He was also, I believe, just a little envious.

“We have to take our annual leave to do what you do for work,” he once huffed.

The job also provided front-row seats to the best of action on the field and the news-making press conferences off it. You were in the frontline of sporting action and controversy, but without the danger.

And with the work came indelible memories, remarkable wins, nightmarish defeats and rich experiences.

It all started painfully with the touring 1974 British Lions thrashing the badly selected, old-fashioned and poorly coached Springboks, while the South African cricketers, with comfortably the strongest team in the world, had been rushed from the world stage by the sporting boycott, and there they would stay for 20 years.

In 1990 it all changed in the most dramatic fashion. Ian McIntosh’s Natal rugby team won the Currie Cup for the first time, in their centenary year and by dumping Naas Botha’s Northern Transvaal at Loftus.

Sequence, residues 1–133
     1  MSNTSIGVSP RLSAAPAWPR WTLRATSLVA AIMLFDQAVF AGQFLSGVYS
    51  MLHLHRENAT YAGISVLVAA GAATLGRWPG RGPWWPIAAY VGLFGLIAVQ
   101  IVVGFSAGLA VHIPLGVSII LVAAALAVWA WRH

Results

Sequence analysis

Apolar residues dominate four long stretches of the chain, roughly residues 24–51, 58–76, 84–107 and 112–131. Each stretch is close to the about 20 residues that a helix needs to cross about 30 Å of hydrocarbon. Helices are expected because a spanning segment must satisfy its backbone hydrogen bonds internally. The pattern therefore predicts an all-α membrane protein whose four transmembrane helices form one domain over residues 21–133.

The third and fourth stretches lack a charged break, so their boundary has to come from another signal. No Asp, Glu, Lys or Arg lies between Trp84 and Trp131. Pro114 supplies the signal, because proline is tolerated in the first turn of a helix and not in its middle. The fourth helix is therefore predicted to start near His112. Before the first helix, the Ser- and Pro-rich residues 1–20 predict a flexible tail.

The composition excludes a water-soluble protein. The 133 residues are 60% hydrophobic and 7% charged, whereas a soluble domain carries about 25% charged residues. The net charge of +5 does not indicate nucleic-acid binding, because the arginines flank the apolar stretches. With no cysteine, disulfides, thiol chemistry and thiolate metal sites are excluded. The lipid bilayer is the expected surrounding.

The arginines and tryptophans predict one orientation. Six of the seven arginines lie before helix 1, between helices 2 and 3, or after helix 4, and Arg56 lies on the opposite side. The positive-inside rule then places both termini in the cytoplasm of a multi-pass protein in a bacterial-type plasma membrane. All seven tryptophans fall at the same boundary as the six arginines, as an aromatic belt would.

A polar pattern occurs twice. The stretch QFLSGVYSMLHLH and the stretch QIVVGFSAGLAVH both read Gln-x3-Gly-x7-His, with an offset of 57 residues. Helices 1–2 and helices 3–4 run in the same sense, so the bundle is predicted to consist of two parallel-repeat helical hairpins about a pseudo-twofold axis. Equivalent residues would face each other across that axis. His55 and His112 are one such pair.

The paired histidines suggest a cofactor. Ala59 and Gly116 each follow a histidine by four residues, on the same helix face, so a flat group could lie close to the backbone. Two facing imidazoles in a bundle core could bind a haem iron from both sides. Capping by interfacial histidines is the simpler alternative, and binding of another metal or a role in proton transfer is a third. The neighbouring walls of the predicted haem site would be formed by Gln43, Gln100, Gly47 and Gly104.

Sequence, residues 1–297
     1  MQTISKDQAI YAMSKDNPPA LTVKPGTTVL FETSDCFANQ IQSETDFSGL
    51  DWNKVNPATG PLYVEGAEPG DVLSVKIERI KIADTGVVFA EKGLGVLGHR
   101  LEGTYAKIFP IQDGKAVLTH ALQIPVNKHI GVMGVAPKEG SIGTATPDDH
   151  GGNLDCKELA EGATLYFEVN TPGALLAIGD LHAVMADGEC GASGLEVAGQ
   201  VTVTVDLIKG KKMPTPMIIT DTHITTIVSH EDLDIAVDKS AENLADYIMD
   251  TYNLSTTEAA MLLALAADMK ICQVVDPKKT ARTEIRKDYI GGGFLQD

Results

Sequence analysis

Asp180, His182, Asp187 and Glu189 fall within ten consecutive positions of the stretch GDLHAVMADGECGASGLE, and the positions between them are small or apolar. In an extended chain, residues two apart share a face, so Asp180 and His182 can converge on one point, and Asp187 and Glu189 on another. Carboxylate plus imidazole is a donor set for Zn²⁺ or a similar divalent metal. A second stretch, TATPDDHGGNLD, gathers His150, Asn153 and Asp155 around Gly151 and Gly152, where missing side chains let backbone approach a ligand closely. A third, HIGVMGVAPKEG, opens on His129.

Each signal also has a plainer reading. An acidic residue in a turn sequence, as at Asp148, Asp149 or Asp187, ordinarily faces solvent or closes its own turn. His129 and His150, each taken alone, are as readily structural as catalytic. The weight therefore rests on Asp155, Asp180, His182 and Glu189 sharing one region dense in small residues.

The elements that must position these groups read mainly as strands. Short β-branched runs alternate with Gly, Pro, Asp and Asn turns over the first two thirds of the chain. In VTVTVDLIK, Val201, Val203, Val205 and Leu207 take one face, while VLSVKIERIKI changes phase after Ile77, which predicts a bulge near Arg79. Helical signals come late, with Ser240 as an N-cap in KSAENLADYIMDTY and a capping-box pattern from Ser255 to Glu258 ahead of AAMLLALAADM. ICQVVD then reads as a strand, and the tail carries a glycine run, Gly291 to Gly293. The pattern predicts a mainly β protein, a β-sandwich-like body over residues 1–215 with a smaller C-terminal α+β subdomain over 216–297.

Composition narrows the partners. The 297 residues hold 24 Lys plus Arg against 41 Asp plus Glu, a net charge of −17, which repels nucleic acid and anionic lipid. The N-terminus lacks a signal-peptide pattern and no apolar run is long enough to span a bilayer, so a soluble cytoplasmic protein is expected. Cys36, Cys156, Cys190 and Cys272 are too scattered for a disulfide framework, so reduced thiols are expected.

We were on a roll and the first half of that decade produced a kaleidoscope of warm memories.

The most vivid times were on Ali Bacher’s Magical Mystery tour of India at the end of 1991 when South Africa made an extraordinary return to international cricket. The 10-day tour was arranged overnight and the press party flew with the South African squad to an army base near Calcutta.

The response from the local population was extraordinary as hundreds of thousands of excited, cheering Indians lined the streets as we drove through the sprawling city. We were the pariahs of the world — as white South Africans — yet, bewilderingly, we were greeted as returning heroes.

Even Mother Teresa met us in her home. She talked to the South African captain Clive Rice and he was clearly moved even if his public response was flippant.

“She said we should bat first if we won the toss,” he replied when asked what Mother Teresa had said.

She also spoke to the South African journalists and she had said that “facing the press is more difficult than bathing a leper”.